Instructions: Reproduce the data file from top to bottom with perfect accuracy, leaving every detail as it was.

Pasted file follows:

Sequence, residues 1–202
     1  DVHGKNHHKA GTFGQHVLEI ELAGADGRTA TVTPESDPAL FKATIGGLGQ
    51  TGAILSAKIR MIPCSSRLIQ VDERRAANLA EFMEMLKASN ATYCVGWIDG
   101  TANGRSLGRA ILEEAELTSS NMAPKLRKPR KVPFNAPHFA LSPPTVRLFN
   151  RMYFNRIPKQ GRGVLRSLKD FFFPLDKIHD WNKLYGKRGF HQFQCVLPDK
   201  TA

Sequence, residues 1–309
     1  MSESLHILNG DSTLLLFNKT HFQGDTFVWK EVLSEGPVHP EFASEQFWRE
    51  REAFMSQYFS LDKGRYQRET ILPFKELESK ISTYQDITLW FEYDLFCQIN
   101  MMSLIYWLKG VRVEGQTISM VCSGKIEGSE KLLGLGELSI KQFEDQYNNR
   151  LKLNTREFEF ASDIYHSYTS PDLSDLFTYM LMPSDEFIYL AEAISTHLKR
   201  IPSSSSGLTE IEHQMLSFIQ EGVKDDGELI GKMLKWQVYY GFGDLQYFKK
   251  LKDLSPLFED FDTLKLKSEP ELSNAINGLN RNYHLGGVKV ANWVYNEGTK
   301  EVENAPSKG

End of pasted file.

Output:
Sequence, residues 1–202
     1  DVHGKNHHKA GTFGQHVLEI ELAGADGRTA TVTPESDPAL FKATIGGLGQ
    51  TGAILSAKIR MIPCSSRLIQ VDERRAANLA EFMEMLKASN ATYCVGWIDG
   101  TANGRSLGRA ILEEAELTSS NMAPKLRKPR KVPFNAPHFA LSPPTVRLFN
   151  RMYFNRIPKQ GRGVLRSLKD FFFPLDKIHD WNKLYGKRGF HQFQCVLPDK
   201  TA

Sequence, residues 1–309
     1  MSESLHILNG DSTLLLFNKT HFQGDTFVWK EVLSEGPVHP EFASEQFWRE
    51  REAFMSQYFS LDKGRYQRET ILPFKELESK ISTYQDITLW FEYDLFCQIN
   101  MMSLIYWLKG VRVEGQTISM VCSGKIEGSE KLLGLGELSI KQFEDQYNNR
   151  LKLNTREFEF ASDIYHSYTS PDLSDLFTYM LMPSDEFIYL AEAISTHLKR
   201  IPSSSSGLTE IEHQMLSFIQ EGVKDDGELI GKMLKWQVYY GFGDLQYFKK
   251  LKDLSPLFED FDTLKLKSEP ELSNAINGLN RNYHLGGVKV ANWVYNEGTK
   301  EVENAPSKG